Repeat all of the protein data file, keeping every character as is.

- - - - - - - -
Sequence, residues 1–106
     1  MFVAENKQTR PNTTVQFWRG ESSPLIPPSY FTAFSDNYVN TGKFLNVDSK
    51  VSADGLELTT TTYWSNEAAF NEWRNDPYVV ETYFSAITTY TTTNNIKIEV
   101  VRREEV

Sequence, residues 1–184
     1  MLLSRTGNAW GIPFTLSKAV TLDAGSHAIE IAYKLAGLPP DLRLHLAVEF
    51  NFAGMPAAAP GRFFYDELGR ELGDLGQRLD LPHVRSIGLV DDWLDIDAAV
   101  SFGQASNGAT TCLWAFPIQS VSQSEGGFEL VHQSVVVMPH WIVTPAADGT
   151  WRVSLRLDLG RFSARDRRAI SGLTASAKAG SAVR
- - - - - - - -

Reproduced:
Sequence, residues 1–106
     1  MFVAENKQTR PNTTVQFWRG ESSPLIPPSY FTAFSDNYVN TGKFLNVDSK
    51  VSADGLELTT TTYWSNEAAF NEWRNDPYVV ETYFSAITTY TTTNNIKIEV
   101  VRREEV

Sequence, residues 1–184
     1  MLLSRTGNAW GIPFTLSKAV TLDAGSHAIE IAYKLAGLPP DLRLHLAVEF
    51  NFAGMPAAAP GRFFYDELGR ELGDLGQRLD LPHVRSIGLV DDWLDIDAAV
   101  SFGQASNGAT TCLWAFPIQS VSQSEGGFEL VHQSVVVMPH WIVTPAADGT
   151  WRVSLRLDLG RFSARDRRAI SGLTASAKAG SAVR